When I set out to turn an area of my garden into a wildflower meadow, I had certain wildlife in mind that I hoped would benefit. I wanted it to host breeding grasshoppers and a range of meadow butterflies such as Meadow Brown and Common Blue, and I hoped to see bats hunting above.

Well, the meadow was sown and prepared in autumn 2017, the grasses and meadow perennials have grown wonderfully, and almost all my target species have arrived and set up home. It just shows how quick nature can move in once you create the right conditions.

However, one creature I forgot to include on my wishlist was what is surely the most dramatic of all our spiders - the Wasp Spider Argiope bruenichi. The drama is all to do with its appearance, or at least that of the female. She has a large body up to 2cm long which is brightly patterned with stripes of yellow and black as the name suggests. However, the coloration is just bluff - she is harmless, to humans at least!

The Wasp Spider was first recorded in the UK almost a hundred years ago, in East Sussex, and remained very much a rare creature of the south coast for many decades, but it is now spreading its way north, and is widespread south of a line from the tip of Cornwall through to Norfolk. And it is very much a spider of rough meadows. The female spins an orb web (the flat, spiral web we so associate with spiders) slung in tall grasses, where her favourite dinner is any grasshopper that might blunder into her trap.

So, as you can gauge, the stage was set in my garden for this spider, but would one manage to arrive in my suburban oasis? That's the problem in our fragmented world - how do small creatures manage to navigate over such large areas of unsuitable and dangerous terrain such as roof tops, roads and urban sprawl to get to our little refuges?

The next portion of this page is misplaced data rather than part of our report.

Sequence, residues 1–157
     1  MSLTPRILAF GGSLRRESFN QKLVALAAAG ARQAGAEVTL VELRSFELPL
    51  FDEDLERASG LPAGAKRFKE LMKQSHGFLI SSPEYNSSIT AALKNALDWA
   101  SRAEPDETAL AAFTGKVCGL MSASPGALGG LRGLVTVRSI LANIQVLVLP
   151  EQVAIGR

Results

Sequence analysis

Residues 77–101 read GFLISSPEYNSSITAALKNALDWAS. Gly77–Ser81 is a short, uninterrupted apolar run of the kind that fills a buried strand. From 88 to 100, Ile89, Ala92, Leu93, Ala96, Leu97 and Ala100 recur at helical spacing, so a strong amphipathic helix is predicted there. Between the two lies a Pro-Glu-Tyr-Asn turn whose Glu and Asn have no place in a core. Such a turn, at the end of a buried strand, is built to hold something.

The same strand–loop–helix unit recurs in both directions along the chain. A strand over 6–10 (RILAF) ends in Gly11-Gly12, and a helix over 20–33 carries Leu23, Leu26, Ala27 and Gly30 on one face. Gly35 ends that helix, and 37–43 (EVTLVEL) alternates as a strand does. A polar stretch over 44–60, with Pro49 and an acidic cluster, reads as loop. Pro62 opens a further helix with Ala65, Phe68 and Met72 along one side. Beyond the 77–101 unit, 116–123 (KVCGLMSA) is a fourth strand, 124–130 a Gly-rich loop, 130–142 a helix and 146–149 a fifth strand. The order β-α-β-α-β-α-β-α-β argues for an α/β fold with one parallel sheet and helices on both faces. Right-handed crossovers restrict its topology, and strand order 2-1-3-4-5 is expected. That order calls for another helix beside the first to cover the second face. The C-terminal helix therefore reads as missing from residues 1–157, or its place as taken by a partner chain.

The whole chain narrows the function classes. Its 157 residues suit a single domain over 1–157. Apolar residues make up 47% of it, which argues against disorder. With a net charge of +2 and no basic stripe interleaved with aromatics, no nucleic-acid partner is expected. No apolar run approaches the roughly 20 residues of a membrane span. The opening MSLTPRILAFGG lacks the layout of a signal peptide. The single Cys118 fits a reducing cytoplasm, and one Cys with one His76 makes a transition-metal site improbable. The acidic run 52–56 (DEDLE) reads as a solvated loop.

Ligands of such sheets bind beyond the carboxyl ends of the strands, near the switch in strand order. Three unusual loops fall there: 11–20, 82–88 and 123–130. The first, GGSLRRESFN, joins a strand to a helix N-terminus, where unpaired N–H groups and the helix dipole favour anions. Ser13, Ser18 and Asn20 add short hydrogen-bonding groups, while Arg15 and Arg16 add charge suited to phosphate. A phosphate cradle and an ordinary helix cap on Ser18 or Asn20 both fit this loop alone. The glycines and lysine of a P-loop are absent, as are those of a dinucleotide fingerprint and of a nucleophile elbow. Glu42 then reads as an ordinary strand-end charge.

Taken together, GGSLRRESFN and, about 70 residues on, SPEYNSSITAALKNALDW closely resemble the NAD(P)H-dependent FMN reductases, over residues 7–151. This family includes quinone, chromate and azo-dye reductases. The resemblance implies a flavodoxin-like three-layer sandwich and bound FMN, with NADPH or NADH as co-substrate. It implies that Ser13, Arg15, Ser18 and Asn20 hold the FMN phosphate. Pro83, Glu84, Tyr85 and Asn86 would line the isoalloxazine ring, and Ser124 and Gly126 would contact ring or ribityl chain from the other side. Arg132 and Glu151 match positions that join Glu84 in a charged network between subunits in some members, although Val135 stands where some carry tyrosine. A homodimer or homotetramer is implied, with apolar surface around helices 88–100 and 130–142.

But nature is enterprising, so as I wandered through the meadow one day this week (it sounds rather idyllic, but just to explain it is only about ten steps from one side to the other!), I was stunned to find that not only had a Wasp Spider arrived, but she had totally settled in.

You can see what a beautiful web she has made, and what is very characteristic of the Wasp Spider is the thick zigzag of silk which you can see just to the right of her. It is called a stabilimentum, and there is some debate about its function. Is it to strengthen the web? After all, a grasshopper is quite a strong insect to trap. Or is it to draw attention away from her, a distraction technique? Or both?!

What you are seeing in the photo above is her underside, so I went around the other side to see her in her full glory. Take a look at this!

I hope that even arachnophobes will admit how beautiful she is. As I say, you need have no fear whatsoever - she doesn't want to bite you, or get in your clothes or hair. She just wants to sit there in her web.

However, you would need to be frightened if you were a male Wasp Spider. There are only a quarter of the size, and are not strikingly patterned. When they approach the female to mate, she is more than likely to wrap him in silk during the process and, yes, she will then eat him. It rather claws at our human sensibilities, but for the female Wasp Spider is it valuable protein that gives the male more chance that his offspring will survive.

She then spins a surprisingly large urn of silk, hidden in the grass near her web, in which she lays her eggs. She herself will then die with the onset of winter, and the spiderlings won't hatch until spring...but they won't hatch at all if the meadow is mown.

And there is the quandary that greets everyone who turns their lawn into a meadow. When should you cut it - and indeed should you cut it at all?

The solution I recommend is to leave some of your meadow uncut each year - maybe a quarter or so. I do it on a rotation rather than leaving the same area each year. That way, the uncut section doesn't get too rank.

This year, my uncut section has effectively self-selected - I will leave a square around my Wasp Spider, leaving her to sit proudly in her orb until autumn. Hopefully, a male has also found its way into my garden and done the honorable deed, and I'll have a new generation of this wonder-species to admire next summer.